Manifest

Wendel A. White

MANIFEST was featured in our recent issue on southern Things (vol. 23, no. 3). Join Wendel White at an exhibit opening & artist's talk on February 21st, 6:00–8:00 PM, at the Center for Documentary Studies at Duke University.

The Manifest portfolio is an ongoing project, a portfolio of nearly one hundred photographs of African American material culture held in public and private collections throughout the United States. These repositories have accumulated diaries, receipts for the purchase of humans, hair, a drum, a door, photographs, figurines, and other artifacts—some with great historical significance, some the commonplace, quotidian material of black life.

This project is concerned with the physical remnants of the American concept and representation of race. The histories of slavery, abolition, the U.S. Civil War, segregation, oppression, accomplishment, and agency are among the narratives that emerge in these photographs.

 

Door Knob, Maye St. Julien, Eatonville Historic Preservation, Eatonville, Florida, 2012.
Spoon, Harriet Tubman House, Auburn, New York, 2009.
Iron, Great Plain Black History Museum, Omaha, Nebraska, 2011.

I am increasingly interested in the residual power of the past to inhabit material remains. The ability of objects to transcend lives, centuries, and millennia suggests a remarkable mechanism for folding time, bringing the past and the present into a shared space that is uniquely suited to artistic exploration. While the artifacts are remarkable as visual evidence of lives and events, I also intend the viewer to consider this informal reliquary as a survey of the impulse and motivation to preserve history and memory.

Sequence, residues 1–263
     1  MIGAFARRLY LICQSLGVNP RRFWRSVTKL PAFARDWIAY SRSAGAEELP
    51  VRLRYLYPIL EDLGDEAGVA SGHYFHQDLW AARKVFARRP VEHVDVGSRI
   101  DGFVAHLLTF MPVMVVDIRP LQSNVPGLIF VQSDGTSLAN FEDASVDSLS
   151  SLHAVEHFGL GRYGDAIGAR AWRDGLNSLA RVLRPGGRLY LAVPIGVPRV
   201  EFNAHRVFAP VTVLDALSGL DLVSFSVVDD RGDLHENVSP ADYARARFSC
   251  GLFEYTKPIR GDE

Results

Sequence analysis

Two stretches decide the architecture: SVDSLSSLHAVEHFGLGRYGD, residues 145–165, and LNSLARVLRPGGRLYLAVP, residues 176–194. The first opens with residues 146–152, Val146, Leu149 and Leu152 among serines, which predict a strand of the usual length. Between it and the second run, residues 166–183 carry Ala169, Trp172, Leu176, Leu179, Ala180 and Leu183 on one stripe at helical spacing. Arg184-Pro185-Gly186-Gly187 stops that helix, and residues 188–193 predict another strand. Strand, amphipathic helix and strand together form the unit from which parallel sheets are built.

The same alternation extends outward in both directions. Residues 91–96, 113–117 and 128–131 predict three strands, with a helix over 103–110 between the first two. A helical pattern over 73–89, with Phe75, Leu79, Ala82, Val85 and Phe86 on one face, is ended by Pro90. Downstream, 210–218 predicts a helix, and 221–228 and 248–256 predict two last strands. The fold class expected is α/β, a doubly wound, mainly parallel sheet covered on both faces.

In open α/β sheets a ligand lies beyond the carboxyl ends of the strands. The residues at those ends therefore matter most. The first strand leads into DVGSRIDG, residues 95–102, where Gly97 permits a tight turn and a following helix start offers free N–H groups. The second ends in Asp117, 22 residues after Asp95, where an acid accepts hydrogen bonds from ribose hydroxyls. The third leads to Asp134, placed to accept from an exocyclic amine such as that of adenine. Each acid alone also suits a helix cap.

Various projects have occupied my attention during the past two decades; in retrospect, each has been part of a singular effort to seek out the ghosts and resonant memories of the material world. I am drawn to the stories “dwelling within” a spoon, a cowbell, a book, a postcard, or a partially burned document.

 

FBI Files on Malcolm X, Nebraska State Historical Society, Lincoln, Nebraska, 2011.
Poster of Angela Davis, National Museum of African American History and Culture, Washington, D.C., 2016.
Drum, Dan Desdunes Band, Great Plains Black History Museum, Omaha, Nebraska, 2011.
Cab Calloway Home Movies: Haiti, National Museum of African American History and Culture, Washington, D.C., 2016.
Radio Raheem's boombox from the movie Do the Right Thing, National Museum of African American History and Culture, Washington, D.C., 2016.
Zora Neale Hurston Sketch Book, Smathers Library Special Collections, University of Florida, Gainesville, Florida, 2012.
James Baldwin Inkwell, National Museum of African American History and Culture, Washington, D.C., 2016.
Wendel A. White was born in Newark, New Jersey and grew up in New York, Pennsylvania, and New Jersey. He earned a BFA in photography from the School of Visual Arts in New York and an MFA in photography from the University of Texas at Austin. His work has received various awards, including fellowships and grants from the John Simon Guggenheim Foundation, the New Jersey State Council for the Arts, the Graham Foundation for Advanced Studies in the Fine Arts, and a New Works Photography Fellowship from En Foco Inc. His work is represented in museum and corporate collections across the nation.
View more of MANIFEST in our issue on southern Things, and on view at the Center for Documentary Studies at Duke University.
Header image: Lunch Box, Larkin Franklin Sr., Eatonville Historic Preservation, Eatonville, Florida, 2012.

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